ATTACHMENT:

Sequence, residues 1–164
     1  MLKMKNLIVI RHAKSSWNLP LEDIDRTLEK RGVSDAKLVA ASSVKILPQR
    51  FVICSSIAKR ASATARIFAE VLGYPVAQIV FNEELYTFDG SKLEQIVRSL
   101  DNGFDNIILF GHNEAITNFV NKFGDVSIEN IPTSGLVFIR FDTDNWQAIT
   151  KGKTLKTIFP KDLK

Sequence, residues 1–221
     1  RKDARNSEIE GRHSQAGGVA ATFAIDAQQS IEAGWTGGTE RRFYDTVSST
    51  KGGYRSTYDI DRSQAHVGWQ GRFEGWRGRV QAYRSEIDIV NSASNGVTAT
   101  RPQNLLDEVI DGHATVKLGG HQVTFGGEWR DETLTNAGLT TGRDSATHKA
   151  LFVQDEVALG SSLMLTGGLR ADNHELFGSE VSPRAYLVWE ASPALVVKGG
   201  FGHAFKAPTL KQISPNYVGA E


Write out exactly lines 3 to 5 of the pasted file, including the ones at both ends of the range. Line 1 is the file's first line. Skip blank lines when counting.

    51  FVICSSIAKR ASATARIFAE VLGYPVAQIV FNEELYTFDG SKLEQIVRSL
   101  DNGFDNIILF GHNEAITNFV NKFGDVSIEN IPTSGLVFIR FDTDNWQAIT
   151  KGKTLKTIFP KDLK